The Western Cape high court has granted a section 174 application filed by ANC MP Bongani Bongo, effectively dismissing the corruption charges against him.
Judge JP Hlophe granted the application in a ruling on Friday, meaning the case has been thrown out without Bongo having to defend himself.
A section 174 discharge is granted when a judge determines that the state has failed to present sufficient evidence to warrant an answer from an accused person.
The National Prosecuting Authority (NPA) had accused Bongo of attempting to bribe an evidence leader, Adv Ntuthuzelo Vanara, to derail a state capture inquiry into Eskom conducted by Parliament in 2017.
In his ruling, Judge Hlophe said Vanara’s conduct was not consistent with his profession as a lawyer because, among other reasons, he did not report the alleged bribery attempt to the police or Hawks.
Further questioning Vanara’s version of events, Hlophe noted that there was no bank account provided, no amount stipulated and no follow up by Bongo to back up the attempted bribery charge.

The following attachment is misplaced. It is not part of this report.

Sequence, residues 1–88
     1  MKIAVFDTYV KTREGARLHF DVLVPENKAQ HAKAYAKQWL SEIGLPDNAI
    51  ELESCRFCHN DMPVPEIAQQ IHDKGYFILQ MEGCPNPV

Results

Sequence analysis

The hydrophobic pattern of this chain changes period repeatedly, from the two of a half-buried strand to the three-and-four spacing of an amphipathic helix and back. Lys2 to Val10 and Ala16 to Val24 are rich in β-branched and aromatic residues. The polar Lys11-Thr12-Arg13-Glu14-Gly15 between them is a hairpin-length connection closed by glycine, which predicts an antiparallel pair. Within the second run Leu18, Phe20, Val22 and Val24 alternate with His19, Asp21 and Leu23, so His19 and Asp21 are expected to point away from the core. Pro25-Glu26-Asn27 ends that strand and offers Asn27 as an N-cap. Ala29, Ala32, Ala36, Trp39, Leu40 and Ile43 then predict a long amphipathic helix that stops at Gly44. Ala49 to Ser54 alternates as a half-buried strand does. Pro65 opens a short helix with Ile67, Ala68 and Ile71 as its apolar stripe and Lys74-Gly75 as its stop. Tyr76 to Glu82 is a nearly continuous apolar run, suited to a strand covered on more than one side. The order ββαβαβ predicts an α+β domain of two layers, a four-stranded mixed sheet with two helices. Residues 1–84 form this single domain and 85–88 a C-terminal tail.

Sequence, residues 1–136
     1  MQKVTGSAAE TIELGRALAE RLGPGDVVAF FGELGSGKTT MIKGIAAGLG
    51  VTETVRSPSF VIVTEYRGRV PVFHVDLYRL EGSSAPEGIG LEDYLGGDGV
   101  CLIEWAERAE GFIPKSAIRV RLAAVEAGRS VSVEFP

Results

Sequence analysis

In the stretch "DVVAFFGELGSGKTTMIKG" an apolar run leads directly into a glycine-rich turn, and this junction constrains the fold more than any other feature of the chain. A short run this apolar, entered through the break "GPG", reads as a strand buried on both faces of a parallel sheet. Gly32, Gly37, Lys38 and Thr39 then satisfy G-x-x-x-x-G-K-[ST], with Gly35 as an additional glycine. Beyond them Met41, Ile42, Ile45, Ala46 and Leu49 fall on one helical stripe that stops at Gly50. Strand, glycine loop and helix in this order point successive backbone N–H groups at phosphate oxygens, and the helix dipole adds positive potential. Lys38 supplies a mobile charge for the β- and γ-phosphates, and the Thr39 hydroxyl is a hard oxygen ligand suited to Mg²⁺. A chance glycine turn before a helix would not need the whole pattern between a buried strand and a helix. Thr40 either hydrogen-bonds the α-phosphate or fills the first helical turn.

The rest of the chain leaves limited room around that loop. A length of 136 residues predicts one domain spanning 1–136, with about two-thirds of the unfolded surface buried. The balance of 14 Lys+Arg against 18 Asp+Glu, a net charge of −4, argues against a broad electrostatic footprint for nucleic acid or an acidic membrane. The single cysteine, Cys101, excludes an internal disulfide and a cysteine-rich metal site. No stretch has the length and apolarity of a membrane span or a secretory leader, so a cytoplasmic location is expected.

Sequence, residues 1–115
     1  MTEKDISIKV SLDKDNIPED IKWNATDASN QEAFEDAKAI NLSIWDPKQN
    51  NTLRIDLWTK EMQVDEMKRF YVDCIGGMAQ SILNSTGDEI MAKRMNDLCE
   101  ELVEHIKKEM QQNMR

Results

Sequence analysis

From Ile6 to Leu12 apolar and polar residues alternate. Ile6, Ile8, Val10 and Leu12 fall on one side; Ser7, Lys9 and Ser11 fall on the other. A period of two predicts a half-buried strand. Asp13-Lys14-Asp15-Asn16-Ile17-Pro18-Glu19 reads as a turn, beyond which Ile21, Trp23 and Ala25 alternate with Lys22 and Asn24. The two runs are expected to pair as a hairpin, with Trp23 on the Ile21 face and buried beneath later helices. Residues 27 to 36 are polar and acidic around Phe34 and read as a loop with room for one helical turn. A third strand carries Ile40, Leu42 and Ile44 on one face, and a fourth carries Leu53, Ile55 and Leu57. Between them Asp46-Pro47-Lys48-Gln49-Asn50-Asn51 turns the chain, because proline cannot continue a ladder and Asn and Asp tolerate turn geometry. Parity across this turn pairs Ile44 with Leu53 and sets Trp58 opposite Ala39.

He also questioned Vanara’s credibility because his version contradicted those of witnesses such as National Council of Provinces (NCOP) secretary Adv Modibedi Phindela and acting Secretray to Parliament Baby Tyawa.
Bongo threatens to sue
Speaking outside the court soon after the ruling, Bongo said he was consulting his legal team with a view to suing Vanara and other sate witnesses as well as the National Director of Public Prosecutions (NDPP).
“This has been a malicious prosecution,” he claimed, adding that the “concocted charges” against ANC Secretary-General Ace Magashule must similarly be dismissed.
Magashule faces corruption charges linked to a R255 million asbestos audit project awarded by the Free State Province when he was still Premier. He has denied the charges and suggested that the case politically motivated.
Bongo was flanked by allies in the ANC, including MP Thandi Mahambehlala and former Minister Malusi Gigaba. They are often associated with the “radical economic transformation” (RET) faction in the ANC.
Several leaders in this faction has suggested that state institutions are being used to “fight political battles.” Last week, former President Jacob Zuma went as far as claiming – without evidence – that some judges may have received payments from the CR17 campaign that propelled President Cyril Ramaphosa to the ANC presidency in 2017.
The NPA has not immediately reacted to the ruling. Its comment will be added as soon as it is available.